It’s been hard to escape the news of the Southern and tube strikes taking place this week, they seem (at least in London and the South) to be covered by every news outlet. While the disruption they cause to workers is easily seen, for those working in HR or within leadership they add another complication. Should workers unable to get to work still be paid?
Normally at this time of year it is the other S that causes problems, snow. Which, if the cold snap currently hitting mainland Europe comes our way, might soon be an issue in the UK. While they are very different causes, the outcome is the same. Workers are unable to get to their place of work due to no fault of their own. So where does this leave employers? While is seems unfair to force employees to take unpaid leave, it is also unfair for those employees that have made it into the office, who no doubt will take on some extra work from their strike/snow-affected colleagues.
Luckily technology allows most office based staff to, if only for a short time, work remotely. But unfortunately, this isn’t an option for those working in customer facing roles. A haircut via Skype just wouldn’t have the same outcome.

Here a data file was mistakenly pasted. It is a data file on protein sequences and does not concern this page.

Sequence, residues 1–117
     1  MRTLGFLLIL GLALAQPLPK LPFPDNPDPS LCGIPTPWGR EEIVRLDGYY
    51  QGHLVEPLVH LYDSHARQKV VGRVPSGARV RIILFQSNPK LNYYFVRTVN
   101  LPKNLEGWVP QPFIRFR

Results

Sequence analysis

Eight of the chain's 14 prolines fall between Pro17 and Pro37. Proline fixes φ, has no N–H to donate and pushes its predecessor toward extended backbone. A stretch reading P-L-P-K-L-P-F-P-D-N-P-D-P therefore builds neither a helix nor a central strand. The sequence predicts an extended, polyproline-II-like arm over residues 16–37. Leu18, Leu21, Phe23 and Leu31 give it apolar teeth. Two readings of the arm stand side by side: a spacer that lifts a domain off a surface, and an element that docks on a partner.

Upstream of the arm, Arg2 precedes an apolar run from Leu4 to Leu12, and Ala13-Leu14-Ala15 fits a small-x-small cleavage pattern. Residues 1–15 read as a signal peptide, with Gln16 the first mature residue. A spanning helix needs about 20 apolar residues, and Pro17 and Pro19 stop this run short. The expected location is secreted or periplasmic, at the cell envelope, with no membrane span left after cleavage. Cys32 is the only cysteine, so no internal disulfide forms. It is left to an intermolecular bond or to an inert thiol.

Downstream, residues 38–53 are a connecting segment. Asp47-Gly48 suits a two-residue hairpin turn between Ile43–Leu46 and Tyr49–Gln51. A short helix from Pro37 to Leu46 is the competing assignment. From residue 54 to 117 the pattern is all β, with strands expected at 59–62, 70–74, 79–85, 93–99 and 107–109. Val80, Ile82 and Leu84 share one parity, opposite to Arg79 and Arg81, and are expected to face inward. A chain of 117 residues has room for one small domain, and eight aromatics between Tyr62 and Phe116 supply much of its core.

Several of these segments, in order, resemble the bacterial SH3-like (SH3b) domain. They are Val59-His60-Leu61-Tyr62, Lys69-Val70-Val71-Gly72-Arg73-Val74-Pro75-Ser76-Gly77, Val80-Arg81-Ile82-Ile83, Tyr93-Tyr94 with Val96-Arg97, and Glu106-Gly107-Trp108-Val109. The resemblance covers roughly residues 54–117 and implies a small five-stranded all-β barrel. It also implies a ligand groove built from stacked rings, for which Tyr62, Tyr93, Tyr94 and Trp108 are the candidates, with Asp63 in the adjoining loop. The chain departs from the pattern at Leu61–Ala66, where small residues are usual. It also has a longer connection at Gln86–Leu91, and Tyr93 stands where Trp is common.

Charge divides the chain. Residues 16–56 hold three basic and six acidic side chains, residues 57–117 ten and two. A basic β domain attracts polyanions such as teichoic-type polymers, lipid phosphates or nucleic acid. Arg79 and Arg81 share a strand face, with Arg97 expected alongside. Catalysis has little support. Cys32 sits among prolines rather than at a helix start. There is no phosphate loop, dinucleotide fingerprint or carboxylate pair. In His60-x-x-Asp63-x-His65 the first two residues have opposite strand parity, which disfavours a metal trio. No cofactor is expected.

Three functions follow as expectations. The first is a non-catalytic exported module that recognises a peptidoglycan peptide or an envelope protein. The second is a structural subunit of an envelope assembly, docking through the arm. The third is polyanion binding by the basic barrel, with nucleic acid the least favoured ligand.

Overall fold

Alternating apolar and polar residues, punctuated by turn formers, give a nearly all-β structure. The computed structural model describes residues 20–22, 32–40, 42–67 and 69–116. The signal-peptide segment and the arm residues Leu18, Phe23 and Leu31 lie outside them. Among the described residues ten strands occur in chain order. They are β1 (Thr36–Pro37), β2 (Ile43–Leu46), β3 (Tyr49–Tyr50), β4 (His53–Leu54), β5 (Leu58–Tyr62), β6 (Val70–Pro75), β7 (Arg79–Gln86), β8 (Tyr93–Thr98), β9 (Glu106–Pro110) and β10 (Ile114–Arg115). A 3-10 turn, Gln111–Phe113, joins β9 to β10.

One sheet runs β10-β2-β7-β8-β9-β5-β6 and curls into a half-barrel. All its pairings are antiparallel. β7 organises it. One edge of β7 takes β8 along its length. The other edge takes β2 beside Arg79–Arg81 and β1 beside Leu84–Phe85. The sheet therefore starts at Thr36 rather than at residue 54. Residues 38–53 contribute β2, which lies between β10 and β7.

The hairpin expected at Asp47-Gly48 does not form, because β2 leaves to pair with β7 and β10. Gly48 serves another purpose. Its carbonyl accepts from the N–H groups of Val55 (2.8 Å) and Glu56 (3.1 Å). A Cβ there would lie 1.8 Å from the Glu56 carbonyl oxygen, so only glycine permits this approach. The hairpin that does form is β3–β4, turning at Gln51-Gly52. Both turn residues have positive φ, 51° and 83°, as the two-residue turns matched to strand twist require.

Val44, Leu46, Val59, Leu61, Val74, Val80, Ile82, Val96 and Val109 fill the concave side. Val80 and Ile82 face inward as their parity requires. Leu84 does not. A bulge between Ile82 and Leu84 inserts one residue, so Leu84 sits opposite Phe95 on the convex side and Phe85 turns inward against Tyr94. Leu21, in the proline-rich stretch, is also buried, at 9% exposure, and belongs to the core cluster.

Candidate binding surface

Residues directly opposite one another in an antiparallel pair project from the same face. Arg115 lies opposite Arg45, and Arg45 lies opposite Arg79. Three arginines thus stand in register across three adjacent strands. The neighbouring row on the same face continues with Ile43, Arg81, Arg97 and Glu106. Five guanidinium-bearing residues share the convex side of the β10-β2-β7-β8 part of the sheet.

There have been numerous reports of employees losing jobs, job offers being revoked and people moving house all due to the ongoing transport disruption. But what are the HR implications, what are the regulations surrounding this. If an employee can’t get to work, should they be paid or do they need to take annual/unpaid leave?
The law isn’t that clear cut, as covered here by HR Director magazine and in more detail by Thorntons Law Firm. If an employee has made a reasonable attempt to come into the office, then they should receive payment, this is the same for both adverse weather and travel disruption. How this can be proved and what constitutes a reasonable attempt, are up for discussion.
For the majority of large organisations, they have policies in place and contingency plans to help cope with situations such as this. Be it allowing staff to work from other offices, from home or take days as annual leave. The biggest impact is perhaps felt by those smaller or customer facing organisations, where a key member of staff being unable to come to work can have a greater affect.
As we’ve covered previously, will this ongoing industrial action lead to a change in working patterns, will more employers embrace remote working? We will just have to wait and see, but one thing seems to be certain, the disruption appears to be here for the long-term.
Let us know your thoughts… how do you deal with staff absences due to travel or weather disruption?
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